Riverside Community College District Centennial Plaza

Riverside, California

A community college mixed-use project features culinary arts institute and a school for arts

Centennial Plaza is a block-long project developed by the Riverside Community College District as a destination connecting higher education and the arts in downtown Riverside. The development incorporates three different buildings with complimentary uses, plus a four-story parking garage, addressing the district’s vision to revitalize a neglected part of the city.

The centerpiece is the four-story, 60,000-square-foot Culinary Arts Academy and District Office (CAADO), which puts the culinary school front and center. The school covers the ground floor of the building, including a bakery, a 116-seat restaurant open to the public, a large production kitchen, a kitchen for basic classes and a demonstration kitchen.

The second and third floors of the building provide badly-needed office space for the district, as well as the Chancellor’s suite. The rooftop is a shaded deck, with gardens and spaces for events and performances. The building is clad in insulated glass to maximize natural light and open the activities of the school to the public. A shingled glass tower anchors the design, creating shading and an iconic beacon that lights up at night. Street-facing façades use louvres, solar canopies, spandrel glass and fritted glass to control and maximize natural light while conserving energy. The roof garden is designed to reduce stormwater runoff and features drought-resistant plants.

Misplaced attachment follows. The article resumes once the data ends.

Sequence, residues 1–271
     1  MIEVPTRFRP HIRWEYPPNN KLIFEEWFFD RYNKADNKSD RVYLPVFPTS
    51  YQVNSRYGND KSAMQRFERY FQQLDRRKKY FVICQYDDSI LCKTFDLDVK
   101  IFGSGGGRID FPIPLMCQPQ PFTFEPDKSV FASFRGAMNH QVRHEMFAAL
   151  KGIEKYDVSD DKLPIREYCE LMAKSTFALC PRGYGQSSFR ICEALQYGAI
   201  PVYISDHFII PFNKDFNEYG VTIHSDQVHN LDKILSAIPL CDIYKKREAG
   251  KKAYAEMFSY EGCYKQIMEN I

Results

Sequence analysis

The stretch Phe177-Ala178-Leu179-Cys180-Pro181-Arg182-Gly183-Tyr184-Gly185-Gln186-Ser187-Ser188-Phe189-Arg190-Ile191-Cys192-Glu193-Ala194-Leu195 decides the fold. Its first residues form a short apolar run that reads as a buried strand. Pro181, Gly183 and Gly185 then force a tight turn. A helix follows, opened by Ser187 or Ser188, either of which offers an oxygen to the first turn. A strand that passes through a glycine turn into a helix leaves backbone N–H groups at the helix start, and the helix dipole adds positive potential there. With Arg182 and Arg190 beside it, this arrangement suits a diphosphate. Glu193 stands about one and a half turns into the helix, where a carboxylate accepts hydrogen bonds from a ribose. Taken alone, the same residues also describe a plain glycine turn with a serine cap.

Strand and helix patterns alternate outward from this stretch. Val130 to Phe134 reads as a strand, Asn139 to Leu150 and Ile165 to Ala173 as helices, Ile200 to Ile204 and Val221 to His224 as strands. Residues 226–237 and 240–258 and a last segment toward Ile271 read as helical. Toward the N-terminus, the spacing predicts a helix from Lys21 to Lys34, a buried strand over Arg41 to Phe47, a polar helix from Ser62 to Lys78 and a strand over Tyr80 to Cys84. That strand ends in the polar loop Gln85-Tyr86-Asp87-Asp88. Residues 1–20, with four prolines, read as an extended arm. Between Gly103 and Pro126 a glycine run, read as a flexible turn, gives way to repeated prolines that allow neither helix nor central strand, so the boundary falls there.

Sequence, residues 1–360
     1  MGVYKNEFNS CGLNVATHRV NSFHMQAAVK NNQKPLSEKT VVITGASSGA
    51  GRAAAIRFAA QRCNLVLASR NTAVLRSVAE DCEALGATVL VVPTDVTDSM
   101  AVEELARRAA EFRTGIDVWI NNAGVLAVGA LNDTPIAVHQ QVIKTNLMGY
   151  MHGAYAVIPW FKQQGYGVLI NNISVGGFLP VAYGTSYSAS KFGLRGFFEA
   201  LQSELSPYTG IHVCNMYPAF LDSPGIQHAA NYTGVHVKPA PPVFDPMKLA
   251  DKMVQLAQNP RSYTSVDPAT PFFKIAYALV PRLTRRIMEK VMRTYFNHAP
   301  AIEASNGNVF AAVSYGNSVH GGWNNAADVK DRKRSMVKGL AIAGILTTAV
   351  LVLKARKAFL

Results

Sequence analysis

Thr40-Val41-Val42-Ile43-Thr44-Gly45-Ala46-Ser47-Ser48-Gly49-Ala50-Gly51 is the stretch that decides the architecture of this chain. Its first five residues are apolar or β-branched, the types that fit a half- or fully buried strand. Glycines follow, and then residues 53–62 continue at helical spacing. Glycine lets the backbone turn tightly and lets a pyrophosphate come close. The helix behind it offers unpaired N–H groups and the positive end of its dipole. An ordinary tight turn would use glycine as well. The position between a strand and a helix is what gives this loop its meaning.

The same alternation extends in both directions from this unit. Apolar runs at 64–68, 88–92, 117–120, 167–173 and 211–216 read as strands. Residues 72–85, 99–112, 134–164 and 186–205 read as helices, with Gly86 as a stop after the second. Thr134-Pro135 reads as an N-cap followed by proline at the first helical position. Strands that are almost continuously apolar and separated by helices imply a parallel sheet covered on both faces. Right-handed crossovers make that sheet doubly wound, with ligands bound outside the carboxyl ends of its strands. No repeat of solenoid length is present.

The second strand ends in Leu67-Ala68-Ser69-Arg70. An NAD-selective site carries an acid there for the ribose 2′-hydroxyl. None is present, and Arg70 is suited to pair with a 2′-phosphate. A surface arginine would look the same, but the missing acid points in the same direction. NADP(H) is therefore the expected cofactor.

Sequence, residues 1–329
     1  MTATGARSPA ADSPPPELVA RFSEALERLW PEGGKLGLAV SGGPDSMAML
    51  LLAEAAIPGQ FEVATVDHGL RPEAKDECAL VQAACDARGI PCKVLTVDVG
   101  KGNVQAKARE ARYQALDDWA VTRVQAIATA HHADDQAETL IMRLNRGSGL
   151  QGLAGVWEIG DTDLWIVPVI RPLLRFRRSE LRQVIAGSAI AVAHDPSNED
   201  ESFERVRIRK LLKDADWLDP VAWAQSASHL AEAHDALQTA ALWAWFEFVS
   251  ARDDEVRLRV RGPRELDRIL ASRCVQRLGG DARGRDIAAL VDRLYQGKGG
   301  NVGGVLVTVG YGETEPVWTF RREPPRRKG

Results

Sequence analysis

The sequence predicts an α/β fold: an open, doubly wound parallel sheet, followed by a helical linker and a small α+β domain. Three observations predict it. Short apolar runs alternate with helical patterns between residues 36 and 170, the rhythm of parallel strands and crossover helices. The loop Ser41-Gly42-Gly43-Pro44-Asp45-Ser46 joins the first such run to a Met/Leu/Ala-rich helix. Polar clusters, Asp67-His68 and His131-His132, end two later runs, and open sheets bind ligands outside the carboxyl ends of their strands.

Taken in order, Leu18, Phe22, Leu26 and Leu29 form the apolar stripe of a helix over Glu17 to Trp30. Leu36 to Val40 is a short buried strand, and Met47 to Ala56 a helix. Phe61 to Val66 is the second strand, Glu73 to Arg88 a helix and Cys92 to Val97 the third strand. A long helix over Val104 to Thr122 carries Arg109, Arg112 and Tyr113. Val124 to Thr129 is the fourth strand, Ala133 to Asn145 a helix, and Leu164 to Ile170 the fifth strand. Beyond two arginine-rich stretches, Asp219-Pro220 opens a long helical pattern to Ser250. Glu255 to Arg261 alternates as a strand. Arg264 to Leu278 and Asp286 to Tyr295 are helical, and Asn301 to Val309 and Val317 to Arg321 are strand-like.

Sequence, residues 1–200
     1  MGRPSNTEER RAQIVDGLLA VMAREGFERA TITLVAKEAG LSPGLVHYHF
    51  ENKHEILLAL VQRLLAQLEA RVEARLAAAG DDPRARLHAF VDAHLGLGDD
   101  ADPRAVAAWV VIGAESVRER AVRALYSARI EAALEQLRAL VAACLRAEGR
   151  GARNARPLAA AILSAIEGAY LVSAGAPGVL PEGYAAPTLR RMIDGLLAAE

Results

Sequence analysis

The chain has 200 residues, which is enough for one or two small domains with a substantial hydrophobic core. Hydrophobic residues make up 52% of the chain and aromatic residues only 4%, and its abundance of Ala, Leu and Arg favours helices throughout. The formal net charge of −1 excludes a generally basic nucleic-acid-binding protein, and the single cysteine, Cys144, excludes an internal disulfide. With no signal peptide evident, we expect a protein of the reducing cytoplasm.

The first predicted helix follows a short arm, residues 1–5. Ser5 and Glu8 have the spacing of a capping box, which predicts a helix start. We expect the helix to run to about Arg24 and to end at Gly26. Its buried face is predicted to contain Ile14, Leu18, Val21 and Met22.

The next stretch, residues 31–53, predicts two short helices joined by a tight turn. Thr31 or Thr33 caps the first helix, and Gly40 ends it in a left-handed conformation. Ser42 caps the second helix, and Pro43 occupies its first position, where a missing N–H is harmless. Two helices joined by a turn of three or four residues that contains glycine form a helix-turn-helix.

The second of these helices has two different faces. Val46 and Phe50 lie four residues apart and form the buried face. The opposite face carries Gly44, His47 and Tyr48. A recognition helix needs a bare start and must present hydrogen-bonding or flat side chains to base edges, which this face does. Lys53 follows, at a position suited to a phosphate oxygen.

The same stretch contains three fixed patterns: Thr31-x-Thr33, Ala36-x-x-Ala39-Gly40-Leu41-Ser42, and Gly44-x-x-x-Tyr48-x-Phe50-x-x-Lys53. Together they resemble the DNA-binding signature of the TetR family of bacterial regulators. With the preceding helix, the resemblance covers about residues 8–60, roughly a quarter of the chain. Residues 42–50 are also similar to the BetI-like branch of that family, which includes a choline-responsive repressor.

The complex also includes the Coil School for the Arts, a new home for Riverside City College’s renowned music program. Designed around acoustics and a high-quality music experience, the center includes a recording studio, choir room, a piano lab and percussion studio, over 30 practice rooms and a tunable-acoustics 450-seat concert hall.

The third building is a 1920s historic bank building repurposed into the Center for Social Justice and Civil Liberties. The interior was gutted to make room for gallery and exhibition space on two floors, as well as new mechanical systems and an elevator. The Spanish baroque façade, which had been covered up for years, was completely restored, providing a strong connection to the city’s rich history.

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